Servicing Templestowe, Doncaster, East Doncaster, Bulleen, Eltham, North Balwyn and Warrandyte.

Vets on Parker recommends that dogs and cats be de-sexed between five and six months of age. We perform castration and speying procedures in a sterile environment and provide your pet with high quality pain relief and human grade anaesthetics for maximum comfort. Pain relief is administered before and after your pet’s de-sexing surgery and can usually be taken home to be given on the days following the surgery.

The pet de-sexing procedure

On the morning of your pet’s procedure you will have a consultation with one of our trained nurses. They will go through the admission forms and discuss with you Vets on Parker’s safety protocols such as:

  • Pre-anaesthetic blood testing
  • Intravenous fluid therapy; and
  • Anaesthetic monitoring equipment

Read our preparing your pets for surgery page to learn more about your pets care requirements before and after surgery.

Castration and speying operations are day procedures. Your veterinary nurse will organise a discharge time for your pet upon admission.

Your pet needs to rest for the next 7- 10 days (no walks). Stitches need to be removed at the free recheck visit 10 days after surgery.

Why de-sex your dog?

De-sexing of male and female dogs is recommended before they reach sexual maturity. Some vets recommend early de-sexing at 12 – 16 weeks of age. At Vets on Parker we recommend performing the operation at an older age of 5 to 6 months. Female dogs that are de-sexed will not have unwanted puppies or come into season twice a year (heat periods with bleeding and attractiveness to male dogs last about 2 weeks), and if they are de-sexed before their first season, the risk of mammary tumours (breast cancer) is virtually eliminated (this effect is lost if you wait until after the second season). Male dogs de-sexed before puberty will not tend to urinate on everything in sight, will wander less and are usually less aggressive towards other dogs and people than males who have not been de-sexed; they also don’t develop prostate, testicular or perineal hernia problems later in life.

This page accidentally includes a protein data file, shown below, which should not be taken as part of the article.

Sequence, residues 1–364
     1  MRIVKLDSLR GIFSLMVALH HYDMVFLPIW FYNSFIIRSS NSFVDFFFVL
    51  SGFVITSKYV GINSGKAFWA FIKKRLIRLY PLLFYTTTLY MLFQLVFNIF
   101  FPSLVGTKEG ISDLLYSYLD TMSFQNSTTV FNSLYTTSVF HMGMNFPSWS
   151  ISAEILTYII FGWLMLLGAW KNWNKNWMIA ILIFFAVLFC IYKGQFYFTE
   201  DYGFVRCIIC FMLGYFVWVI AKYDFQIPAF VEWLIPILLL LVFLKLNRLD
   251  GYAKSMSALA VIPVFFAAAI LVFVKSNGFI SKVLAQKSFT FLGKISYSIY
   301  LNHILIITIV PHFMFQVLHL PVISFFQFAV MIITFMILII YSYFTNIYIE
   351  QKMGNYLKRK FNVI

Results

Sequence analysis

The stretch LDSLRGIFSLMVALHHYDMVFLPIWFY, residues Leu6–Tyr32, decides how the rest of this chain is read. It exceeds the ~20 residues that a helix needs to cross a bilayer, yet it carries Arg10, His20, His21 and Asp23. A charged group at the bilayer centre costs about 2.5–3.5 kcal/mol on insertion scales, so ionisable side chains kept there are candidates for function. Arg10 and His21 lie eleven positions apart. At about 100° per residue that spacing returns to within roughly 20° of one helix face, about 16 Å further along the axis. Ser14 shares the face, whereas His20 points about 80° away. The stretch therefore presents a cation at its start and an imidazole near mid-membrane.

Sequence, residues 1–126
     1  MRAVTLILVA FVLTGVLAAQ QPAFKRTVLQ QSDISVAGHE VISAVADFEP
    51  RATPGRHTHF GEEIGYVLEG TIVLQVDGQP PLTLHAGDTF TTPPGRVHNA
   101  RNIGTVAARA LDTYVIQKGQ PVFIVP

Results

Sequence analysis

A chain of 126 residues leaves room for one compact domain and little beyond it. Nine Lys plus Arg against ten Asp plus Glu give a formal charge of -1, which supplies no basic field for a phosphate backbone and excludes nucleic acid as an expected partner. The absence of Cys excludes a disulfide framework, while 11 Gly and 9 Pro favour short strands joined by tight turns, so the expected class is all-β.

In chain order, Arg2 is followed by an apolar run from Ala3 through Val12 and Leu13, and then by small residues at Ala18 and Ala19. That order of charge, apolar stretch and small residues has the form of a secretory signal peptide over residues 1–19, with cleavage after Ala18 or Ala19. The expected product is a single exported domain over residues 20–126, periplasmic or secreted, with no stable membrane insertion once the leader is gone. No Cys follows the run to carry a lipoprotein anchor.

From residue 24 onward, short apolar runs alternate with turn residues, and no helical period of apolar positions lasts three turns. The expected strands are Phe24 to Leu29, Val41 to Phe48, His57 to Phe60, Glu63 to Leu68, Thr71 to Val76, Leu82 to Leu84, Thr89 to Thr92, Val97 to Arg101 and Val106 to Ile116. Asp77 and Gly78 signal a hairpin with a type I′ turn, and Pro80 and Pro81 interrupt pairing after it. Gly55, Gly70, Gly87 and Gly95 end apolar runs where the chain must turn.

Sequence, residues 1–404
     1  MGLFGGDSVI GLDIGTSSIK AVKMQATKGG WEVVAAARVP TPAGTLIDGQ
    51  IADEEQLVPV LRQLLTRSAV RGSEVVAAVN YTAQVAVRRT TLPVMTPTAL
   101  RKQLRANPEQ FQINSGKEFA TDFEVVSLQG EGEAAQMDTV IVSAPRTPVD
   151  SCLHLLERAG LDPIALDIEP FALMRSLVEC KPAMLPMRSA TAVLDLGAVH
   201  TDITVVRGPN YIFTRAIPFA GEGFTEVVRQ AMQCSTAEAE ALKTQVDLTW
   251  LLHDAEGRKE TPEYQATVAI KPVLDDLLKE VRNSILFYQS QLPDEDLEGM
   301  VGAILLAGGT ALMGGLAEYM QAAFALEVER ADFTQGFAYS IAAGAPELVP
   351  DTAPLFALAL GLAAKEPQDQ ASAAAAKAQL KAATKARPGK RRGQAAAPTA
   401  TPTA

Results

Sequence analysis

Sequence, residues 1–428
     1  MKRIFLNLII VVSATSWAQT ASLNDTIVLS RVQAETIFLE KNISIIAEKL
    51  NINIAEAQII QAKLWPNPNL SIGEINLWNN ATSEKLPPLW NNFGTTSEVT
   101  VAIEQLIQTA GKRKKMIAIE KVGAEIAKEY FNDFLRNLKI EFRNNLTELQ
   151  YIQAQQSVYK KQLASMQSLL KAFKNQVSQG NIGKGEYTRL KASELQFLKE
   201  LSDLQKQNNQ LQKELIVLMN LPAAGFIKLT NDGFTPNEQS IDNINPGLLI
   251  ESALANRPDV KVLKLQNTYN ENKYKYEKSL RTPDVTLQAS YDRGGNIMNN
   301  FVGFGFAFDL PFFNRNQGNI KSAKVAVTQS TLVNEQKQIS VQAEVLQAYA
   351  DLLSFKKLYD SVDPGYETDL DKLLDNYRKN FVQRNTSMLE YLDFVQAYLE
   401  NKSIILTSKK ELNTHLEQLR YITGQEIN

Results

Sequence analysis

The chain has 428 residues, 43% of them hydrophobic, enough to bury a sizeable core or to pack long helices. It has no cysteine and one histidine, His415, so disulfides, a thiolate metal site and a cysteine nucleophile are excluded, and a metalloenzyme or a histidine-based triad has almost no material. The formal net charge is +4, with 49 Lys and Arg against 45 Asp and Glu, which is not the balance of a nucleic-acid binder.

Why de-sex your cat?

Entire (not de-sexed) male cats develop masculine traits, such as urine marking and defending their territory. The urine of male cats has a particularly strong odour and they mark their territory by spraying. Spraying is different from urination – cats stand and emit small amounts of urine onto (usually) vertical surfaces, while shaking their tail and treading with the front feet. To establish and defend their territory, cats will fight for dominance. They can sustain wounds that become infected and which often form abscesses that require veterinary attention. They are also at risk of contracting viruses such as Feline Immunodeficiency Virus (feline AIDS) and Feline Leukaemia Virus, both of which can result in fatal illness. As they successfully establish their territory, they seek to enlarge it, roaming further away from home, and are therefore more at risk of being hit by cars, or other misadventures.

Cats are very good breeders. During most of the year, female cats (queens) show signs of being on heat for about one week in every two to three weeks. Signs of being on heat (or ‘calling’) include miaowing constantly, rolling around on the floor and restlessness. A lot of young cats are presented to the veterinarian for the operation because this behaviour is very annoying! The medical reasons for speying before puberty, at around five to six months of age, include avoiding infection of the uterus (pyometra) that can become a surgical emergency and it also significantly reduces the incidence of breast cancer (mammary neoplasia). Speying your cat also prevents unwanted litters.

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